With apologies to today's third-party antivirus vendors, I think it's time that Microsoft included an antivirus solution as a part of the base Windows OS. Desktop security is simply too crucial a concern to Microsoft—and more important, to Microsoft's customers—for a component that's so vital to a secure environment to remain an optional add-on. As long as antivirus measures reside solely in the hands of third-party vendors, large numbers of Microsoft OS installations will remain vulnerable to hundreds if not thousands of exploits, not all of which can be prevented through patching.
The Competition Question
I know that software vendors believe (often rightfully) that Microsoft eventually swallows up Windows third-party markets after it includes competing features as a part of Windows. Microsoft Internet Explorer (IE) is probably the best example of that fear made manifest. At one time, Netscape Navigator held the lion's share of the desktop browser market, but soon after Microsoft bundled IE into Windows, Navigator became a footnote to Internet history.
Despite that fateful event, however, other browser choices, such as Mozilla and Opera Software's Opera Web browser, remain on the market. And I'd argue that, in the long run, Microsoft better served its customers by including a browser as part of the basic OS. Although the eventual role of the Internet wasn't clear all those years ago, Internet access has since become an essential part of today's computing experience.
Third-party software vendors' products also compete successfully with built-in Windows tools in many other niches. For example, even though Windows XP has built-in .zip file access, utilities such as WinZip Computing's WinZip have gathered a healthy following. Likewise, even though Microsoft has offered a version of Paint in every version of Windows, Adobe Photoshop is still widely used. Both third-party tools provide additional value beyond that of Windows' built-in tools.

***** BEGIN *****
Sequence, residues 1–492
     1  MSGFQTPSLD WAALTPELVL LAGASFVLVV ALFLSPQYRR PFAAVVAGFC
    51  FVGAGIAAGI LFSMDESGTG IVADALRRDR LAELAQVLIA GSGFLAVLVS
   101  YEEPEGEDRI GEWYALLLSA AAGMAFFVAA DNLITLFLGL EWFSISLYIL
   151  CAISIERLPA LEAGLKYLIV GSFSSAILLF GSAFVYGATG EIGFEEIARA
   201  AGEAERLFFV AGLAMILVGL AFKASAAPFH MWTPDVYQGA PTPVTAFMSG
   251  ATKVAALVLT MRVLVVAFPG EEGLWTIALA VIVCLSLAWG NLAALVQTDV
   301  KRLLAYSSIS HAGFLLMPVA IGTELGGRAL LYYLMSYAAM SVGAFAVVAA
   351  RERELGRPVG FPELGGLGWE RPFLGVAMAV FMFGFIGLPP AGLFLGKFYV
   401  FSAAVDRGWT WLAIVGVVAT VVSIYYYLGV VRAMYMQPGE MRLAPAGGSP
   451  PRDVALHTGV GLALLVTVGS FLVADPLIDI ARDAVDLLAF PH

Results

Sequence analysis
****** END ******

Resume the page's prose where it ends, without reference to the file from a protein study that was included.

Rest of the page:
The Case for Integrated Antivirus Protection
Since Microsoft has seen fit to include IE, Windows Firewall, and even nonessential items such as Windows Media Player (WMP), Microsoft Photo Editor, and Windows Movie Maker as part of the base OS, it only makes sense for Windows to also include antivirus software, an essential system security component. Of course, integrating antivirus software into the OS might hurt some third-party antivirus vendors in the short term. But as in other areas in which Windows offerings compete with third-party tools, vendors have the option to extend their products' feature set and abilities beyond a basic Microsoft offering. For example, some vendors might strengthen their products' network antivirus protection; others might concentrate on providing rapid protection against new worms and viruses.
Over the past couple of years, Microsoft has often stated that security is its top priority. In an April address at the Center for Strategic and International Studies, Microsoft CEO Steve Ballmar asserted that Microsoft has an important role to play in securing the computing environment across the globe, stating that "All of us in the IT business are permanently in the security business as well." But until Windows includes built-in antivirus protection, Microsoft's claim that security is its top priority isn't credible. Just as bundling IE gave Internet access to more customers than Navigator ever could have and fostered the use of the Internet, integrated antivirus protection is requisite to enabling a basic level of security in today's Internet-connected environments.
A Necessary Step
Microsoft has already added numerous features to the OS that have questionable value to the user. Antivirus is one area in which Microsoft involvement is actually needed, and the value of built-in antivirus protection to Microsoft—and especially its customers—is both significant and obvious.